Special thanks to managing editor Ann Bonner-Stewart, who brought to our attention this poem, which illustrates the power of words and the ways that words interact with one another in different contexts.
Do you have some words or images to share? Send them along! See our submission guidelines for more.
I asked some pastor friends, “Looking back on your career, what would you do different?”
And one answered, “I would have never been a pastor. If I knew what kind of toll the pastorate was going to have on my sons, I would have never gotten into the job.”
“Really? Then, what would you have become?”
“Anything. A secretary in a law firm. Anything other than this, really.”
In the spirit of those wonderful "gift of the month clubs", we offer a year's worth of prayers by Maria Bergius Krämer. She introduces these prayers with some description of the tradition of New Years' worship in her congregation.
I am a fairly new pastor, and I live in the same parsonage my bishop lived in when she was a new pastor. It's located in a small town, on a street where the same people have lived for decades.
This means that as I interviewed, the bishop wasn't just curious to see if I would be a good fit for this particular parish. She was also crossing her fingers that I would be a good fit for the neighbors.
When I got anxious writing my ordination paper, it was John who rubbed my shoulders. Outlining your story of call, understanding of polity, history, ordained ministry along with a concise "theology of everything," in 30 pages or so is clearly a daunting task, and those times when the spaces between the words were filled with self-doubt, John rubbed my shoulders. He would stand behind me as I did my work, and loosen those knots in my back with strong hands. I don't even remember asking him, but as I wrote, I could feel his warmth behind me, smoothing out my sentences as I found my call and connecting to my understanding. I felt behind me, with warm hands and smooth strokes, his quiet belief that yes, I was called to this work.
John is not my husband. John is my boyfriend.
I think about leaving ministry when the liturgist is being passive-aggressive.
I think about leaving ministry when worship attendance is down.
I think about leaving ministry when I can’t afford music classes for my kids.
I think about leaving ministry when another Christmas Eve goes by without seeing my family.
I think about leaving ministry when the church feels irrelevant.
I think about leaving ministry when my sermon sucks.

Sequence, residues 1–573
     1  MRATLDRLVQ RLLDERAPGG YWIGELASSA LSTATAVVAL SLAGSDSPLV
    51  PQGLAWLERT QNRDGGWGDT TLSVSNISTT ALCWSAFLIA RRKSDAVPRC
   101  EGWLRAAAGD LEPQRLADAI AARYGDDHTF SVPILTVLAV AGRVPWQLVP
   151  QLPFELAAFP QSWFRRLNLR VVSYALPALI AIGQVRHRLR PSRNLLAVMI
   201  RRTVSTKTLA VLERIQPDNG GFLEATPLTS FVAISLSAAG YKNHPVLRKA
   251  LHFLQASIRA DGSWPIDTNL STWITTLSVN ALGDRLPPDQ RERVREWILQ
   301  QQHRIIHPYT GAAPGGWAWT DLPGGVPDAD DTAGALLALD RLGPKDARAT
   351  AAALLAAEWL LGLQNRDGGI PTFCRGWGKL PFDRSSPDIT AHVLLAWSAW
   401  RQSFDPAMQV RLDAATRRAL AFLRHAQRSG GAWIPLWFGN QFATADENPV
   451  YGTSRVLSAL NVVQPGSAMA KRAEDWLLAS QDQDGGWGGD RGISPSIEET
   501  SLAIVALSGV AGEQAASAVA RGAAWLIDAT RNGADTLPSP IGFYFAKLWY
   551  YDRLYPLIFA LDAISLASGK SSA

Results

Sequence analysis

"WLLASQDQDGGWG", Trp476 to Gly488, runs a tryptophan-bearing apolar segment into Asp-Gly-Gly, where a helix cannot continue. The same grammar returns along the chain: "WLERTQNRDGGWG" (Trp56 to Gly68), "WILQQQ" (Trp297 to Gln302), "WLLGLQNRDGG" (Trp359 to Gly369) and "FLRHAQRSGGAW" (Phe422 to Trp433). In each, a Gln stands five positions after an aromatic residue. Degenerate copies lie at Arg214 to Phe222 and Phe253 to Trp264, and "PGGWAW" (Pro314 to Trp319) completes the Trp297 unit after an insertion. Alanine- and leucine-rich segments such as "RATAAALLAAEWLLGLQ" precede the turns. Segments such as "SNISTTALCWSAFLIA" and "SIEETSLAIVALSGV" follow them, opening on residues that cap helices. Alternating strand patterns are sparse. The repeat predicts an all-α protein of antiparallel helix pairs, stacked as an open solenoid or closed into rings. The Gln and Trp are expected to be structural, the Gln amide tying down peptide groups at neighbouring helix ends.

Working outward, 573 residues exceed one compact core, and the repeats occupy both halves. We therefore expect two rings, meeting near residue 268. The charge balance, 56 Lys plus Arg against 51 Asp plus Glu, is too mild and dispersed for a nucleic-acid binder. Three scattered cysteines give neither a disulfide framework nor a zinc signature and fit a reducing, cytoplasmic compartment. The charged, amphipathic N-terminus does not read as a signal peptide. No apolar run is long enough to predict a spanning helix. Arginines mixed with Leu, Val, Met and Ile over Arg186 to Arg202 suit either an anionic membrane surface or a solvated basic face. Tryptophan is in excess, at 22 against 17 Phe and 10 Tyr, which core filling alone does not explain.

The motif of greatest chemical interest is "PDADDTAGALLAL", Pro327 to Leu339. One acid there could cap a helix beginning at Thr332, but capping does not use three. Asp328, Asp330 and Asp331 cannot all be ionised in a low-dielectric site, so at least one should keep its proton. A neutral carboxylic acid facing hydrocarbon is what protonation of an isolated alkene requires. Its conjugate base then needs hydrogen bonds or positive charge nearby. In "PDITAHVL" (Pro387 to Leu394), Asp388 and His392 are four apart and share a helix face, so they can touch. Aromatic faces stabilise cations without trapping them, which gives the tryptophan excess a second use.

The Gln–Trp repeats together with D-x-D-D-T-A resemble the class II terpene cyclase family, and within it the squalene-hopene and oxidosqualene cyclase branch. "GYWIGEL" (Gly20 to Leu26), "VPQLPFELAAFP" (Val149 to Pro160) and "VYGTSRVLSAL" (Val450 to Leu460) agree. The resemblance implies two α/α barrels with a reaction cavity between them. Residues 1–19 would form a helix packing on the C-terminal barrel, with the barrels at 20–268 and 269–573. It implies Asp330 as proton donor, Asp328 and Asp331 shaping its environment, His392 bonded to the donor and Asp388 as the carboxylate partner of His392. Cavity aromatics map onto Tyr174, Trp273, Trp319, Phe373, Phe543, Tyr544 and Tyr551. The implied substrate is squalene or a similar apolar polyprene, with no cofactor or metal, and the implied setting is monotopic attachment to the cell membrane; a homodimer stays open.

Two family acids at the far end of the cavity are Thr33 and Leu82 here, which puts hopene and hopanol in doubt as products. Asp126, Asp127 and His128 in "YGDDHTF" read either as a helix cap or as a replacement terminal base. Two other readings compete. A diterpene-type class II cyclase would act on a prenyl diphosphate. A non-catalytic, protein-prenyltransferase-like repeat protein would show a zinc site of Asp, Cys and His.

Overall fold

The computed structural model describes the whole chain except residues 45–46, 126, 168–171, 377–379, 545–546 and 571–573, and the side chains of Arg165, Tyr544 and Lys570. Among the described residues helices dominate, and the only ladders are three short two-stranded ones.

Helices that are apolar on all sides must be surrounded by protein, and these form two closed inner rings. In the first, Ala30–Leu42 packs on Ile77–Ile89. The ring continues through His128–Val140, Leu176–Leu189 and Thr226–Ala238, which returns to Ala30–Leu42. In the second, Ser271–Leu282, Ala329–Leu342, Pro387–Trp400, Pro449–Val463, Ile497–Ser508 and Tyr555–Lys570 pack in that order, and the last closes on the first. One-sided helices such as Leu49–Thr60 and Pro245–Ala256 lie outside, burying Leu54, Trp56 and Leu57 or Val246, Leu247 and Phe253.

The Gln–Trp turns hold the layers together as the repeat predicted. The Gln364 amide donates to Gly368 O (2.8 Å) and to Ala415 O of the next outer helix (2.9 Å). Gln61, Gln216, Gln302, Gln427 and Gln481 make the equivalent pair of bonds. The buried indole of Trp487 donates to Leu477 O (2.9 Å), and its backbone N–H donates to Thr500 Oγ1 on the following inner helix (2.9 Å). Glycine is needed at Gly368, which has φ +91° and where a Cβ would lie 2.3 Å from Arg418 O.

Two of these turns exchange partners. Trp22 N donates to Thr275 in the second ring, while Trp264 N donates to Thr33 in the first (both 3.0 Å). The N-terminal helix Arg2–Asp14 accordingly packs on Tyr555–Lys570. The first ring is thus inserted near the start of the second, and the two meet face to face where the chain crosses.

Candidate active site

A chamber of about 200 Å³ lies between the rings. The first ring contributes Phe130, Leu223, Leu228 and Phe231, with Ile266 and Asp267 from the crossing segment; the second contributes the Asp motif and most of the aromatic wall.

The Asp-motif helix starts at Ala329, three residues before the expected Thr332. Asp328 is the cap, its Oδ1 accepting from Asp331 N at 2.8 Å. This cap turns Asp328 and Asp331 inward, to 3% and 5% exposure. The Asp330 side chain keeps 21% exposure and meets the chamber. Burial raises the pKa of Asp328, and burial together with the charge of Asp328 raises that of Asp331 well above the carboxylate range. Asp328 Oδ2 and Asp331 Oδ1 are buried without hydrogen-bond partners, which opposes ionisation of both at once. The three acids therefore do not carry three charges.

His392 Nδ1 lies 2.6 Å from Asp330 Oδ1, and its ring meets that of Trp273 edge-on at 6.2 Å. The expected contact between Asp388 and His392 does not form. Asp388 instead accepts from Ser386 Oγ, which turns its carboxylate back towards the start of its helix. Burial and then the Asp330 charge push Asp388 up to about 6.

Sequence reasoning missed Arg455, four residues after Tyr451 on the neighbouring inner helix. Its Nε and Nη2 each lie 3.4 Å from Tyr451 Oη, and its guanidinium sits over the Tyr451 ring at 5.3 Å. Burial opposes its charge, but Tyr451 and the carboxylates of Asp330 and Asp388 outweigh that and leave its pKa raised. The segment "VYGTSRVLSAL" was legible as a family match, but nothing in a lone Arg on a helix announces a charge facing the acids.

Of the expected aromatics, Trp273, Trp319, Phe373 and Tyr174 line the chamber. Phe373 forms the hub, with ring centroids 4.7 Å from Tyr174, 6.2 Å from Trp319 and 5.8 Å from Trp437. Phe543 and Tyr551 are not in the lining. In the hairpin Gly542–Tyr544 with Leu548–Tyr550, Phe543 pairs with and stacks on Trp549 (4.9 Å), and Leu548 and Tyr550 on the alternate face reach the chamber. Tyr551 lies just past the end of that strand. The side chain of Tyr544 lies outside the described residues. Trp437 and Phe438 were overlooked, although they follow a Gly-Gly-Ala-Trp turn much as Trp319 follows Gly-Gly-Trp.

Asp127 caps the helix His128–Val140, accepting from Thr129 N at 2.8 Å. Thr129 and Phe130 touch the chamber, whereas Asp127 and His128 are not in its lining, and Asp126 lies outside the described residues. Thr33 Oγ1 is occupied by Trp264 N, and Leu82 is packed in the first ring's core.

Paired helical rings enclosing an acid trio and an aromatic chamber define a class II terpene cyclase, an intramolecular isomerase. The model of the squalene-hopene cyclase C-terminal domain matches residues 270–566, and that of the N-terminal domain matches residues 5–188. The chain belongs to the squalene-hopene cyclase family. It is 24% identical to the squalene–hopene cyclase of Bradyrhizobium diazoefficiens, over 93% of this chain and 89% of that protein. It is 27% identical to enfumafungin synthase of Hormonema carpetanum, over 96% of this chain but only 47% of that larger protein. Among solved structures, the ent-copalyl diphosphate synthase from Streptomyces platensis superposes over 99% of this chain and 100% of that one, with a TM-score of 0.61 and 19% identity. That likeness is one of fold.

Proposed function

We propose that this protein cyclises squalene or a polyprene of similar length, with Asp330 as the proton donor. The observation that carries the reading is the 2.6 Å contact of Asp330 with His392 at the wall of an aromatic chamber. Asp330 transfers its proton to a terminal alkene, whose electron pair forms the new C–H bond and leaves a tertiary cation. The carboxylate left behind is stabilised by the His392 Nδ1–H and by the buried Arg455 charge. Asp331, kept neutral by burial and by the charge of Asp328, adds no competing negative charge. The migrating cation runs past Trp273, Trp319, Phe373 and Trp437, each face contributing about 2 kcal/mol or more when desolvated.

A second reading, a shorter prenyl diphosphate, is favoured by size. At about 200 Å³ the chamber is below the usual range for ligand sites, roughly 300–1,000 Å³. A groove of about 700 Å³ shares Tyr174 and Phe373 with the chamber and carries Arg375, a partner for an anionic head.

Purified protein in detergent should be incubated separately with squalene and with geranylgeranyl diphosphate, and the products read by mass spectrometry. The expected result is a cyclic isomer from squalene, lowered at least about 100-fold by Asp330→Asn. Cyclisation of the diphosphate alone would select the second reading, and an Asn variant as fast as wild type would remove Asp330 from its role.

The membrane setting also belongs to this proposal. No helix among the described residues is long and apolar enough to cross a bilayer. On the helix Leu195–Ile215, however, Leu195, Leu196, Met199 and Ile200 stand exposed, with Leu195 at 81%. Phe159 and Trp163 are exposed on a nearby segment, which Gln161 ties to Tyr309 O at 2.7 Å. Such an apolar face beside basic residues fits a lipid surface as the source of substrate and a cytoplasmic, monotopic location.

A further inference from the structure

I think about leaving ministry when the repairs to the manse never happen.
I think about leaving ministry when God seems light years away.
I think about leaving ministry when vestry meetings haunt my dreams.
I think about leaving ministry when I can’t bear to hear another colleague complain about her parish.
But I haven’t left yet. And sometimes I think I never will.
We are people of the book. This is no epiphany - great or small.
Whether we offer chapter and verse to prove our point, sing the psalms or seek comfort in Jesus’ words, we are women that center our lives on text. On Epiphany, we celebrate the books that have offered us strength in the past year. Some of these books fed our ministry. Some called us to justice and others just provided an escape into the world of words.
How has The Young Clergy Women Project changed your life? (That would be the organization behind Fidelia's Sisters.) This is your chance to tell the world by participating in our New Catchphrase Contest. Simply get your creative juices flowing and come up with a slogan that sums up what TYCWP is all about. Previously we've used "funded by the Louisville Institute and powered by faith, verve, chocolate, and really great shoes."
Since our grant has ended, now is a great time to dream up a whole new phrase that captures who we are and what we do. If you are a member of The Young Clergy Women Project, please send your submissions to email@example.com by January 31 or look for the threads to post your ideas on our NING site and our protected blog. You'll get the chance to vote on the top submissions in February.
If you are not a member of The Young Clergy Women Project, and are interested in joining, please click on "The Young Clergy Women Project" at the top of this page to find out more! We are always looking for new members. It's a great opportunity to be more connected in the new year.
Are you thinking about a new call this New Year? 2008 was a year of interviewing for me as I searched for my new call. Part of the process, of course, involved the dreaded telephone interview. These phone interviews can be very intimidating and uncomfortable, but I have found that there are ways to feel more comfortable and confident in a phone interview- and it all comes down to preparation. Perhaps these tips may be helpful to you.